Sunday, April 10, 2016
Advice is regularly given in the media and by health professionals about our diet. You hear about needing ‘five a day’ in terms of fruit and vegetables and that your diet should be balanced.
One term that is regularly mentioned is ‘whole grains’ but what do they really include and what do they actually do? Sometimes it is easy just to have a quick glance at the packaging of the food you eat and if it has those words ‘healthy’ or ‘nutritious’ somewhere, then you accept that it is something good to eat. The truth is, in order to improve our diets, we need to actually understand the benefits of certain food types and what we are eating.
Firstly, whole grains are not always easy to spot, as the language on packaging can be misleading. Whole grains are just grains that haven’t had their bran or germ removed by milling; the reason for this is that all the nutrients and goodness are contained within these outer layers.
You can get whole grain rice or even add a whole grain flour or buckwheat into your cooking. Popcorn is also part of the whole grain group of foods. Whilst you may come across brown bread and instinctively think that this is the healthier version, this is not always the case. The colour can sometimes come from colouring the flour and this bread may not always contain whole grains, so it is important to read the labelling carefully to find the words 'whole grain' on it.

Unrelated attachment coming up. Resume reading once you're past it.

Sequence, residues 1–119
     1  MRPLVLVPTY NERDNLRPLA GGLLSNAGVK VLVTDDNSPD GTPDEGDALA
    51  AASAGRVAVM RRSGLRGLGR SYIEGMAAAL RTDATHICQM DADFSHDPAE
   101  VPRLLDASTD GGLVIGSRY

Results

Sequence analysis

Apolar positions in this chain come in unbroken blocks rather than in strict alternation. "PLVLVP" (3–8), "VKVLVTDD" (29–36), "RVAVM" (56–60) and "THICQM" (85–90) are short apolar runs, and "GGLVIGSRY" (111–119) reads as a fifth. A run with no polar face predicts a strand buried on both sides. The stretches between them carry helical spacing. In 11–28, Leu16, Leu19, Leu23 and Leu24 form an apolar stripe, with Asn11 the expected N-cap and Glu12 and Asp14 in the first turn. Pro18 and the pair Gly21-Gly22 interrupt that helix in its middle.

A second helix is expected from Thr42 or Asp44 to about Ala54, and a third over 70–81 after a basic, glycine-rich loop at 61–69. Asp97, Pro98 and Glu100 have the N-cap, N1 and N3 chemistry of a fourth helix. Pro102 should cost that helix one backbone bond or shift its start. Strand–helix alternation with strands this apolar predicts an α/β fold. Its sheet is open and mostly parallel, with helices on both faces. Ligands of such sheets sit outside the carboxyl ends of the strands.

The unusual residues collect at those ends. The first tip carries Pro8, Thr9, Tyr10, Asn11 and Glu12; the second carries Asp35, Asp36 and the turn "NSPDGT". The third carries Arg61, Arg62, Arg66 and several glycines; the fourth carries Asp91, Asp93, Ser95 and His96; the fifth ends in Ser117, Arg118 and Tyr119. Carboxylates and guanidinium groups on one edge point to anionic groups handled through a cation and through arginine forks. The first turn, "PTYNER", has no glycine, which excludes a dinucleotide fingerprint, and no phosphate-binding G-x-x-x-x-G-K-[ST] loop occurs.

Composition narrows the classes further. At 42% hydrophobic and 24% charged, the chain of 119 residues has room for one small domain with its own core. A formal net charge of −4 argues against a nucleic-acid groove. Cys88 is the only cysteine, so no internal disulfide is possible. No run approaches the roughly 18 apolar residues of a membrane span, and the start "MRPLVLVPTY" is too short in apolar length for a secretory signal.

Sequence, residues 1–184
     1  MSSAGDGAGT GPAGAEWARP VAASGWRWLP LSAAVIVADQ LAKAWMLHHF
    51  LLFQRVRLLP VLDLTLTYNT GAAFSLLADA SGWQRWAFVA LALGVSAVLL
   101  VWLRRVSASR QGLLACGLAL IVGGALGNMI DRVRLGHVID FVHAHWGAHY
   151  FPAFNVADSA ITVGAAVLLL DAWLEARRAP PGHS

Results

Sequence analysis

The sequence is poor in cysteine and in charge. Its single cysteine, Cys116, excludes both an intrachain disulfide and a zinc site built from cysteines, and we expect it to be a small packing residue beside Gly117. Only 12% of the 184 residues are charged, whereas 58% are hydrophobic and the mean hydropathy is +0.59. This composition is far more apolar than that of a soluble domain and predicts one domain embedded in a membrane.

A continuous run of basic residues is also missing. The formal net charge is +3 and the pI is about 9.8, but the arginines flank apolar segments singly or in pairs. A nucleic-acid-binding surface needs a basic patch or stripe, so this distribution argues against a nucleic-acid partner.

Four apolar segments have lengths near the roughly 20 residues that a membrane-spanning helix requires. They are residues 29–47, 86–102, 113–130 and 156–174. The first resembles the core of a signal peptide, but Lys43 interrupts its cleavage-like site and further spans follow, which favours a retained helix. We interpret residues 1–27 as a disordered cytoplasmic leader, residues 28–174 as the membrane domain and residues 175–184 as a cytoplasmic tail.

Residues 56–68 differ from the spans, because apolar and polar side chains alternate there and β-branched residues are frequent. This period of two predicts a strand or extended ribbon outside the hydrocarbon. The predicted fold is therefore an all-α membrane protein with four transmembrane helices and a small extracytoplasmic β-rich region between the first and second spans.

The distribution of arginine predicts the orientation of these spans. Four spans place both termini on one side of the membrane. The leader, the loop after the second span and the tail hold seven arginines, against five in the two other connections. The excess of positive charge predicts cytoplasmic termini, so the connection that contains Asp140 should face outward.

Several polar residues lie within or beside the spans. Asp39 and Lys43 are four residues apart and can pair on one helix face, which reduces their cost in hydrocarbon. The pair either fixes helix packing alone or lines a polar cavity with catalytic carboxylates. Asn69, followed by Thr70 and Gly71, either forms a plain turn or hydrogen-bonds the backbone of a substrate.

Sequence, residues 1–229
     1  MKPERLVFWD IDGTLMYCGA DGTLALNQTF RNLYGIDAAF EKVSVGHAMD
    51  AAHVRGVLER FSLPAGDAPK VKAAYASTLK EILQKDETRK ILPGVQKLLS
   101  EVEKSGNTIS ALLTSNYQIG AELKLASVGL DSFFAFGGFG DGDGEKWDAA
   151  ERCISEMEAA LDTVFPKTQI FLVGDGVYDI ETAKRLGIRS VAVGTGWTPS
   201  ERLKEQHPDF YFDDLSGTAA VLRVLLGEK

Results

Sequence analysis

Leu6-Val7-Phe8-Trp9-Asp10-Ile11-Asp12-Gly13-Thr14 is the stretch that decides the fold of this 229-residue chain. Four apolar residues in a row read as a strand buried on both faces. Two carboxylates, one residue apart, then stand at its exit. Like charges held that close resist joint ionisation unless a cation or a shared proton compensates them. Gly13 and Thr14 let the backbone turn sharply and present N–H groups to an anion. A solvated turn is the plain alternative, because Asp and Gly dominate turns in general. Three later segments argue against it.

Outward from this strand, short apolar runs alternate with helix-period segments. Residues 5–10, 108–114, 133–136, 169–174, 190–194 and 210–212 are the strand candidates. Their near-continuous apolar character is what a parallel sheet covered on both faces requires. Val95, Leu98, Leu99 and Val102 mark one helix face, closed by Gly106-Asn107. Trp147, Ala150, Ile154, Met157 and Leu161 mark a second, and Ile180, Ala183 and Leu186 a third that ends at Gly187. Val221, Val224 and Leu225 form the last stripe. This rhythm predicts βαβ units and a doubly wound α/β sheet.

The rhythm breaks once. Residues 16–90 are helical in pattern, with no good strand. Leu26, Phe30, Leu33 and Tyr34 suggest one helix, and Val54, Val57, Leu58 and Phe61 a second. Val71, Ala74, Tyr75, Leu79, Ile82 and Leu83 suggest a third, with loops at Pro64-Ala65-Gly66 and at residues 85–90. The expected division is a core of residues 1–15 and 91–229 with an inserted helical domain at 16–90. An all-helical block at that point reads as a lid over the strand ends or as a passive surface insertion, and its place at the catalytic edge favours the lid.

Brown pasta, rice and cereals are the easiest way to include this group of foods into our diet, as they can easily be bought in supermarkets. Because they are still in a ‘whole’ state (when compared to the grains in white rice for example), they are a much better choice. Whole grains are full of antioxidants, vitamins and are an excellent source of fibre.
This goodness is all contained within the outer part of the grain, therefore, if you choose to stick with ‘white’ rice and pasta, you will find that the health benefits of these foods are reduced.
Another reason whole grains should make up a part of a healthy diet is because they are also linked to reducing rates of heart disease, type 2 diabetes, and even certain kinds of cancer. As they help to improve bowel movements because of the fibre content, they increase the levels of good bacteria in the colon too.
Choosing food that keeps your heart healthy, helps to regulate your blood sugar levels and keeps your bowel movements regular, is a great way to keep your body healthy. Not only are the health benefits easy to see, but they can also help with weight loss too. Because whole grains are high in fibre and keep you feeling full, people who eat whole grains tend to have a lower Body Mass Index, as they tend to snack less in between meals.
Obviously, everything in moderation is the best approach to any changes in diet. There is still a place for refined grains in your diet, as these are quite often enriched with other nutrients that are essential to your diet. For example, folates do not naturally occur in whole grains, whereas these are often added to other refined grains. Someone who chooses to eat only whole grains needs to make sure that they are getting sufficient folic acid. These can be found in other food groups such as legumes and fruits, however having a balance between whole and refined grains would provide a well-rounded diet.
It is suggested that three portions of whole grain per day are sufficient to reap the health benefits. This can easily be achieved by swapping sandwich bread from white to whole grain. Another way to do this is to add barley or bulgur wheat to soups. When choosing breakfast cereals, you can search for those made with whole grains or even swap white pasta for a whole grain version.
Obviously, the best approach is to make small changes and adapt your food choices to suit your lifestyle. Studies have shown that adding whole grains will undoubtedly provide long lasting health benefits and improve general wellbeing, so it’s worth making some simple changes in the choices you make.